“Many companies in emerging markets have good ESG practices, but with active engagement we can improve the disclosure of these practices to unlock value and trigger a cycle of positive change.” said Emily Alejos, Director of Investments at Cartica Management. Through its fundamental analysis framework, integrated macro-analysis and country-specific research, and active ESG engagement, Cartica aims to create value for companies and its shareholders.

The company was founded by seasoned investors, including former executives of the International Finance Corporation, the private sector investment arm of the World Bank Group. The founders have a deep history dating back to the 1990s of investing in emerging market companies using investment theses based on both fundamentals and improvements in corporate governance, the environment and the environment. social practices. Investing in emerging markets requires an understanding of the unique cultural, political, structural and economic factors that influence the performance of investments in this diverse set of countries.

“We knew that investing in emerging companies where value could be added through ESG and governance improvements could be both profitable and important for economic development. This reduces the cost of capital for companies and makes markets deeper and more transparent ”, said Teresa Barger, founder and CEO of Cartica.

Over a decade later, the company has remained true to its mission and is focused on identifying emerging companies with good business models, good management teams and strong or improving balance sheets. Three fundamental principles are the basis of Cartica’s investment philosophy and value creation strategy today:

  1. Bottom-up fundamental analysis
  2. Integrated macro and country research, and risk analysis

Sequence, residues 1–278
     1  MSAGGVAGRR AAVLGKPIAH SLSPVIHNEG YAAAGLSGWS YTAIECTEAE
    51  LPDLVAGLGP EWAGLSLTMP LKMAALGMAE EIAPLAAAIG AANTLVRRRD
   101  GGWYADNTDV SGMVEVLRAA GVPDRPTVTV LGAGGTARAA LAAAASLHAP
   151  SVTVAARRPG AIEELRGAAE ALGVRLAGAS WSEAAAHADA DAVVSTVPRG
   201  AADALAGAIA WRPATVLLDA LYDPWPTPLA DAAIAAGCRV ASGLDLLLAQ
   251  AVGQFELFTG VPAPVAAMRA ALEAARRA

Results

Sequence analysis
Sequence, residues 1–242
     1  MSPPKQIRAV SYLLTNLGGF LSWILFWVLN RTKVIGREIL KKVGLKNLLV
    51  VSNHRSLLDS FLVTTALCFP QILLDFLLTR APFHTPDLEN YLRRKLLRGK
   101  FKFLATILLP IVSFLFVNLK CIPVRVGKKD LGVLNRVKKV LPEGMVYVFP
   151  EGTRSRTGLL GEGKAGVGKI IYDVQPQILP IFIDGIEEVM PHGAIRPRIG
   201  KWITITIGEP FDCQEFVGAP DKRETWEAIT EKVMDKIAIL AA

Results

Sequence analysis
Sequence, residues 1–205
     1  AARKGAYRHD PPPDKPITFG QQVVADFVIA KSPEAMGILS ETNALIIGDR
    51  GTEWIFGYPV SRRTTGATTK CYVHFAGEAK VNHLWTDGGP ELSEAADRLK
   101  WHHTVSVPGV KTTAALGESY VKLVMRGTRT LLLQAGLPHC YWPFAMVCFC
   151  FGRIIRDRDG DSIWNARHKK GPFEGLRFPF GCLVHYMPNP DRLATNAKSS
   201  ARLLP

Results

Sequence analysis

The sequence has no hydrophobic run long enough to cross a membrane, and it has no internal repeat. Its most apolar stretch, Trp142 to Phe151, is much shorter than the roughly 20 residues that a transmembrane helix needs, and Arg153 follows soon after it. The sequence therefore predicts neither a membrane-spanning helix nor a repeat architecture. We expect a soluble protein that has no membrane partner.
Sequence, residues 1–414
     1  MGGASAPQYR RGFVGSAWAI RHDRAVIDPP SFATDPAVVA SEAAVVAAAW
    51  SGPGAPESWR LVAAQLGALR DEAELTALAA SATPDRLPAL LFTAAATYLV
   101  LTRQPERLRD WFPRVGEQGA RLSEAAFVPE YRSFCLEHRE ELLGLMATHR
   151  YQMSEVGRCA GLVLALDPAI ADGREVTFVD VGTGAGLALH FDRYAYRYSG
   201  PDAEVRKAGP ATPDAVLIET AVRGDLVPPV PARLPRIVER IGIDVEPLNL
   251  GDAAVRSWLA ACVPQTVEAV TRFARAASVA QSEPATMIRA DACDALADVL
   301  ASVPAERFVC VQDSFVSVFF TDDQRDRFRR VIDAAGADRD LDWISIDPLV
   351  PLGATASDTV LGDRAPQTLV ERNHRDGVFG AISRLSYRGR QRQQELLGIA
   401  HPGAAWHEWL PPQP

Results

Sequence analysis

3. Active engagement of the company, in particular on ESG-related issues and in improving ESG practices

With these beliefs in mind, Cartica Management created an investment process that allowed the team to build a focused, high conviction emerging markets strategy of 20 to 30 names. He is a benchmark agnostic with an active share consistently above 98%.

The investment process includes several stages of research, analysis and review by the investment committee of potential companies in the portfolio. At each of these stages, the team examines the company’s ESG risks and opportunities and takes them into consideration when developing an ESG engagement strategy for that company.

Cartica begins with a bottom-up analysis of a company’s finances, business model, leadership team, and corporate culture. The team assesses target companies for (a) their openness to making value enhancing improvements and (b) proven high integrity. The team then uses their knowledge of emerging market macroeconomics and local policy dynamics to assess whether the risks of a specific investment have been properly factored into financial models.